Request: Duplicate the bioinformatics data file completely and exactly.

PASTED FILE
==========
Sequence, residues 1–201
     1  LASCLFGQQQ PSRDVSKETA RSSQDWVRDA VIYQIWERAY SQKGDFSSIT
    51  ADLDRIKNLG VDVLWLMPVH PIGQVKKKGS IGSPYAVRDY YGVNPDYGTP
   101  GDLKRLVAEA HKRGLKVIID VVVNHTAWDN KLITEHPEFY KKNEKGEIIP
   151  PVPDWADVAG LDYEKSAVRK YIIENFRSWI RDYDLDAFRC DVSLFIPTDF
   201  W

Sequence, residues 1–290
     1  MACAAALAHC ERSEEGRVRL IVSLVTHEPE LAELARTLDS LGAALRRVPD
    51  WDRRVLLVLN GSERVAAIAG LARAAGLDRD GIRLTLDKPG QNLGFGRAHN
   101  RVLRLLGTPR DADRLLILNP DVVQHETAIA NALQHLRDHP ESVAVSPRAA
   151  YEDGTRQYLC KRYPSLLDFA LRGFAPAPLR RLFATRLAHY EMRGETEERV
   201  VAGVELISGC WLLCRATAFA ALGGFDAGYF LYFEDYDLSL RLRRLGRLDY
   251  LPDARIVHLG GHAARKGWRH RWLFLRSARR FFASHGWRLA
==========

Sequence, residues 1–201
     1  LASCLFGQQQ PSRDVSKETA RSSQDWVRDA VIYQIWERAY SQKGDFSSIT
    51  ADLDRIKNLG VDVLWLMPVH PIGQVKKKGS IGSPYAVRDY YGVNPDYGTP
   101  GDLKRLVAEA HKRGLKVIID VVVNHTAWDN KLITEHPEFY KKNEKGEIIP
   151  PVPDWADVAG LDYEKSAVRK YIIENFRSWI RDYDLDAFRC DVSLFIPTDF
   201  W

Sequence, residues 1–290
     1  MACAAALAHC ERSEEGRVRL IVSLVTHEPE LAELARTLDS LGAALRRVPD
    51  WDRRVLLVLN GSERVAAIAG LARAAGLDRD GIRLTLDKPG QNLGFGRAHN
   101  RVLRLLGTPR DADRLLILNP DVVQHETAIA NALQHLRDHP ESVAVSPRAA
   151  YEDGTRQYLC KRYPSLLDFA LRGFAPAPLR RLFATRLAHY EMRGETEERV
   201  VAGVELISGC WLLCRATAFA ALGGFDAGYF LYFEDYDLSL RLRRLGRLDY
   251  LPDARIVHLG GHAARKGWRH RWLFLRSARR FFASHGWRLA